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And we’re back – highlights from the past 10 months

It’s been a very, very long time since I posted anything.

It began last summer as a temporary hiatus to help me focus on finishing my dissertation proposal and research ethics before my daughter was born. Then the hiatus was then extended to allow for some family time, and then again so that I could prepare for my first field work excursion to London and Edinburgh. Field work then turned out to be more demanding then expected, and since being back I’ve been quite busy trying to transcribe the UK interviews before I begin my Canadian research.

But enough excuses, here are the highlights:

  • June 2012 – Presented two papers at the Canadian Political Science Association Meeting in Edmonton, Alberta
  • July – Dissertation proposal accepted
  • August – Research ethics approved; beautiful daughter born
  • September – Published an op-ed with Peter Loewen and Michael MacKenzie on iPolitics regarding the need to balance population equality and the representation of communities when designing electoral boundaries
  • October to November – Field research at Westminster under the expert guidance of Robert Hazell from the Constitution Unit at UCL
  • November to December – Field research at the Scottish Parliament with wonderful support from Annis Mae Timpson and the Centre for Canadian Studies at the University of Edinburgh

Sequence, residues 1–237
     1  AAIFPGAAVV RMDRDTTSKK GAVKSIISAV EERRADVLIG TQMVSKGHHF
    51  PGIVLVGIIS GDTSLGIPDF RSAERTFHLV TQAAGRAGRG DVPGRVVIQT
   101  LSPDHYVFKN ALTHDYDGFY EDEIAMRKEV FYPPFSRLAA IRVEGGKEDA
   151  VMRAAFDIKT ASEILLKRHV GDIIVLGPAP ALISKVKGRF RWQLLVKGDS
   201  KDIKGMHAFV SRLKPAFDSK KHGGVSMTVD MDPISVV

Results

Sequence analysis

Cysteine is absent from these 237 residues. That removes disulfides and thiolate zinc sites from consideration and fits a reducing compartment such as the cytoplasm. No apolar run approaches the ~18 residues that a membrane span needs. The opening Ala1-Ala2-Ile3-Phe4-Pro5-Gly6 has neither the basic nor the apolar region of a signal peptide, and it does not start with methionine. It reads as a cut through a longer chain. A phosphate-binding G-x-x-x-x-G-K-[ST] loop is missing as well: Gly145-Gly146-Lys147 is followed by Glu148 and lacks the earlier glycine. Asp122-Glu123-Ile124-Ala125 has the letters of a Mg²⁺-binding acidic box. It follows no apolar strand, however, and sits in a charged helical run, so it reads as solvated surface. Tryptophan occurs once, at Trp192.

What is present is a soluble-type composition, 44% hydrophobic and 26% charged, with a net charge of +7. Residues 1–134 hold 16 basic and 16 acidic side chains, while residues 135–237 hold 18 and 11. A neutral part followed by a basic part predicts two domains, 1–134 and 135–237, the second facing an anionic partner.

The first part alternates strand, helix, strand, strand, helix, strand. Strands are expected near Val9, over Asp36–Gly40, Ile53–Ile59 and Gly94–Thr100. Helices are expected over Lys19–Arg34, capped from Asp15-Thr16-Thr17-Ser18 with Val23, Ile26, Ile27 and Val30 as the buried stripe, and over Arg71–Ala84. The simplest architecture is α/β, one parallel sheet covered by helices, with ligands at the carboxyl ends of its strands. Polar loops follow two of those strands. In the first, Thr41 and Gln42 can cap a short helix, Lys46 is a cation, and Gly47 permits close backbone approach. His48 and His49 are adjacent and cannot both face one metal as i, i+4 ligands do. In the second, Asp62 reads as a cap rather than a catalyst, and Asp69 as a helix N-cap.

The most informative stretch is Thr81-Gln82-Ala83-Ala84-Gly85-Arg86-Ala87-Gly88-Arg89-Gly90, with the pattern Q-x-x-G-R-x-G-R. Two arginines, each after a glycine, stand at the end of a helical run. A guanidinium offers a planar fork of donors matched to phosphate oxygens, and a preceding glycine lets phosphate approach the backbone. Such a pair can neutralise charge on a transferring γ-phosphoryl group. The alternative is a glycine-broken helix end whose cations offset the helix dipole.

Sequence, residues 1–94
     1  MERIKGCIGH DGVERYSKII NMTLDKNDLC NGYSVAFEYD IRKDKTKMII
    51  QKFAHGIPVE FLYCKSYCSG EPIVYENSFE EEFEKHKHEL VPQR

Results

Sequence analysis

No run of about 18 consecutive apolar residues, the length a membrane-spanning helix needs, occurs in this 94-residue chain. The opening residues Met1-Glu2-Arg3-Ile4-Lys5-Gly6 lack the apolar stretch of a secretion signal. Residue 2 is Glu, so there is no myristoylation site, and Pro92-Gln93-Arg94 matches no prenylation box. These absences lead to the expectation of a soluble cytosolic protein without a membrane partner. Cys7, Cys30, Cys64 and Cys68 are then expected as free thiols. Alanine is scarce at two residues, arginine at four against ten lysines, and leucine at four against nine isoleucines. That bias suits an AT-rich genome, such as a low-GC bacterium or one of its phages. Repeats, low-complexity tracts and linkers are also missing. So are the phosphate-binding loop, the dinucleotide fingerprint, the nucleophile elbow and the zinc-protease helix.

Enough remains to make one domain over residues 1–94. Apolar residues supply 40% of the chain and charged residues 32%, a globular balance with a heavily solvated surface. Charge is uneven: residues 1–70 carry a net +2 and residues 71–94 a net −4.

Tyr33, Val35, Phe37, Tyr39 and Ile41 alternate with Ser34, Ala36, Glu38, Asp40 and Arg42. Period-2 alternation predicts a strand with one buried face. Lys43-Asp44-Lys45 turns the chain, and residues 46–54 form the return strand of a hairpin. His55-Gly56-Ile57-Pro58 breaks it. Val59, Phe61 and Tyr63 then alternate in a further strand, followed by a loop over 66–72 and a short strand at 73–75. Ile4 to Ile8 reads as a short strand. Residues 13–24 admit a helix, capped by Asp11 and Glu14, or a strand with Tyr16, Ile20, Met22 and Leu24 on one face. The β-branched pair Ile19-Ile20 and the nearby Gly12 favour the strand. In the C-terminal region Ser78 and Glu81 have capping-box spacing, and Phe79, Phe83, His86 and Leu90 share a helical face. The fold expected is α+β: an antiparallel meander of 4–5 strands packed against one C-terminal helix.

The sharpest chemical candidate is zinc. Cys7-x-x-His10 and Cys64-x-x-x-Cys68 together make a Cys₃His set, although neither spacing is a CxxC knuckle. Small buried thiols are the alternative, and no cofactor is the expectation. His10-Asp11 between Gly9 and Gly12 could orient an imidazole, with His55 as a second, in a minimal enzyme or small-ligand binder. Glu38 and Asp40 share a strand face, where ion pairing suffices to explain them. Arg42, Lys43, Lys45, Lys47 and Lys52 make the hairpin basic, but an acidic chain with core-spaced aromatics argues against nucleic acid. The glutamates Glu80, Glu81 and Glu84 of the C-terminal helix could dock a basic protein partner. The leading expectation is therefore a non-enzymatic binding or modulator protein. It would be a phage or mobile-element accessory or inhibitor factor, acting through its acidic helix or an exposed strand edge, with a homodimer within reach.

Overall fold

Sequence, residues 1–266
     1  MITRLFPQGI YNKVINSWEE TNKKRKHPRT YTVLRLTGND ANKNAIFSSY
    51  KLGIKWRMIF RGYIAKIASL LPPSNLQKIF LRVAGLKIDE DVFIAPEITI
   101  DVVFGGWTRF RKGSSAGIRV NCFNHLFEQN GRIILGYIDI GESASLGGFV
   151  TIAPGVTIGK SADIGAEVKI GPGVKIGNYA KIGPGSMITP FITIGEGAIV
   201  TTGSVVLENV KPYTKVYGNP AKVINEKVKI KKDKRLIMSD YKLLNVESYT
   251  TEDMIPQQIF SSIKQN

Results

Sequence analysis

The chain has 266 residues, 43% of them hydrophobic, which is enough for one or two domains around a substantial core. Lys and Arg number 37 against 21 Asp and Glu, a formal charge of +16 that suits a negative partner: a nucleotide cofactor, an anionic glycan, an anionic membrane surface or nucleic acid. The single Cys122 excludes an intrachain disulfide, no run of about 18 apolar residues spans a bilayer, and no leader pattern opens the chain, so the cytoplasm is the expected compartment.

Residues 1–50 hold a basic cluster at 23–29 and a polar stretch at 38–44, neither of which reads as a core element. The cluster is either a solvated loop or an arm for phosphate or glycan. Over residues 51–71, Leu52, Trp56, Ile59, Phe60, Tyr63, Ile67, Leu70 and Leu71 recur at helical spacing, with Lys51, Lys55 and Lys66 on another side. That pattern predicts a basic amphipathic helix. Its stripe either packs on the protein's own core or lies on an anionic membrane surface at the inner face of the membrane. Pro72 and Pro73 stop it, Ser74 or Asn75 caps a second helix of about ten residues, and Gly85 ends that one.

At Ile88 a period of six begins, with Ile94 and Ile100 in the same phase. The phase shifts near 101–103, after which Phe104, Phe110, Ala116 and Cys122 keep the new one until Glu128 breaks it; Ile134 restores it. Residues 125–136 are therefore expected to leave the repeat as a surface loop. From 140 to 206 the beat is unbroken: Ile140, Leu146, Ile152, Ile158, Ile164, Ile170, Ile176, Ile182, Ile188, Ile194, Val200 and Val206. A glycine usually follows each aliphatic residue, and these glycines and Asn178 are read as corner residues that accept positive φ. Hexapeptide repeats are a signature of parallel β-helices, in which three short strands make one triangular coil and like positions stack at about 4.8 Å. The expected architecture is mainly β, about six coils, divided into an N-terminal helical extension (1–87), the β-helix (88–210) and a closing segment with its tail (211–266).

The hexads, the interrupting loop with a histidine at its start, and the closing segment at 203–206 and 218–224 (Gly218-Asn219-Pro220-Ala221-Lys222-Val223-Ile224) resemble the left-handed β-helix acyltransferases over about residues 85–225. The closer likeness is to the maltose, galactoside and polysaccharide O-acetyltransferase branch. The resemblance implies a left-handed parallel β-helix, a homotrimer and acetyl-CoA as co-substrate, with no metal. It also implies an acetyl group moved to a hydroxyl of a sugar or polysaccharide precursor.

• January 2013 – Returned to Ottawa; found out I had received a Michael Smith Foreign Study Supplement which would enable a return trip to the UK for follow-up interviews

ImageHappily my wife and daughter were able to accompany me for the three months of field work in the UK. Even more happily, my daughter appears to be a natural traveler, and took well to the various plane, train, tube, bus, and boat trips that she was subjected to (the picture is her on the train from London to Edinburgh). The only lasting damage appears to be that I still have the tendency to refer to her diapers as nappies.

I also must thank the many family members, friends, and colleagues who helped us survive the past few months. Whether it was those who brought us food after our daughter was born, our friend in London who sheltered us for 6 weeks, or the politicians who took the time out of their schedules to meet with me, I have been overwhelmed at the generosity and kindness that my family and I have received. It would not have been possible to keep going with my research without your support.

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